Long story short, you need to figure out whether where you go to university matters in terms of your overall career plan, and adjust your choices accordingly. And when you do research this information, please go to the original source and make sure you’re getting accurate information!
A university is more than just about the classroom. It is an opportunity to not only grow and develop academically, but also socially, spiritually, personally, etc. I think all of these different types of growth are important to most people, so it’s important to pick a university that satisfies your needs and interests in areas outside academics.
If you’re interested in athletics, does the university have the teams or intramurals you enjoy and excel in? If you’re interested in music, does the university have musical bands or other types of groups you would want to join?
One of the key things that attracted me York University was research opportunity. In high school, I always wanted the chance at hands on laboratory research, but the opportunity never fully materialized – so I looked forward to the experience in university. When I was offered one of York University’s major scholarships, I inquired and was told that I could possibly start a research experience right after high school graduation. Although that could not happen for certain reasons, York University did connect me with a mentor and distinguished researcher for the fall of my first year.
Throughout the year, we would meet once or twice a month just to talk about how my university experience was going. He also let me do a bit of research shadowing during the year, attend a lab meeting, go to some talks, etc. During my summer after first year, he let me volunteer in his lab doing the exact same things other full-time summer research students were doing. In my year, I recall several other first year science students at York University also being connected with mentors, though I am not sure if this program continues today. That being said, I think this is pretty rare, and most professors at any university probably would not go out of their way to help first year students in this manner. I am very fortunate that my mentor is a big supporter of students.
In contrast, when I went to a scholarship interview at another university, I asked the judges if first year students were allowed to get involved with hands on research, and they told me that I probably wouldn’t be allowed to volunteer or work in a lab until after second year. I’m not sure if this is actually true, but at the time, the perceived differences in opportunity for hands on research available swayed my opinion heavily to York University. I liked the fact that student research opportunities were there, and I could get involved right away if I wanted to.
So if there are certain opportunities or activities that are important to you, search out and see which universities support those things.
If you’re going to spend a lot of time or even live there, you’d better make sure you like the university campus. You want to make sure that you’d enjoy the overall environment there. While there are times to take university seriously, there are also times to have fun or even just enjoy the scenery.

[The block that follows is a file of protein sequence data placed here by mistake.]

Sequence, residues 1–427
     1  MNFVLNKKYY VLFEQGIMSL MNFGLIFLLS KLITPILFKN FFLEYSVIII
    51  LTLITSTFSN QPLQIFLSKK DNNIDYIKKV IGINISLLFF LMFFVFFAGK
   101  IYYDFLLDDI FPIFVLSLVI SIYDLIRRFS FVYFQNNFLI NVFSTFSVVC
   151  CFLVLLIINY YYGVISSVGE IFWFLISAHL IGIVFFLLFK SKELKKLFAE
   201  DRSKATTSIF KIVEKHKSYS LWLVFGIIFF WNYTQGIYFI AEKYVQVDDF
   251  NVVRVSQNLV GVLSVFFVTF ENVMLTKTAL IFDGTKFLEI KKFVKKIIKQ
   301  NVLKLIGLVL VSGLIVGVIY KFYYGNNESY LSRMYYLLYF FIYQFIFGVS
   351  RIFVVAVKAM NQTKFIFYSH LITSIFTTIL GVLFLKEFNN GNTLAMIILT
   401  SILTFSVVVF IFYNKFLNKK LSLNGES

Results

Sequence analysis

Most of the university campuses I’ve been to were pretty nice for the most part. Some just stood out as being a really awesome place to be, while a few seemed a bit gloomy. While I don’t think York University had my favourite campus, I preferred the more modern look it had compared to other more traditional-looking universities.
For some students, the most important thing about university is that it’s far, far away from home. Other students don’t mind living at home if that means being able to save up some money for other things.
For me, there were a few activities in Toronto that were important to me, such as my church choir. Going to York University would allow me to remain involved with that. I also lived on campus for my first two years, so I still sort of had somewhat of an “away from home” experience. I personally don’t like change that much, so to be able to have a bit of change but not too much was a nice balance for me.
We’re all different, and some of you will probably have different and additional factors to consider when choosing where you go for university. In addition, you will probably value each of these factors differently from everyone else.
There’s no “correct” or “right” combination of factors to consider when choosing your university. I just want you to encourage you to look at this as a serious decision, and use the amount of thought that it deserves. This is a decision that will affect the next three to four years of your life
The preceding article is cross-posted from MedHopeful.com - a blog with entertainment and advice for budding physicians.
JOSHUA LIU is currently a Biomedical Sciences student at York University. He is the founder of SMARTS: the Youth Science Foundation Canada's national youth science network, which connects over 300 young people and 200 schools today. He also currently sits on Shad International's Board of Directors. Joshua has spoken as a presenter, panelist, and keynote at numerous student conferences. He was named as one of Canada's "Top 20 Under 20" in 2005, and is a recipient of the TD Canada Trust Scholarship for Community Leadership.
For more articles like this one, check out Joshua's blog at MedHopeful.com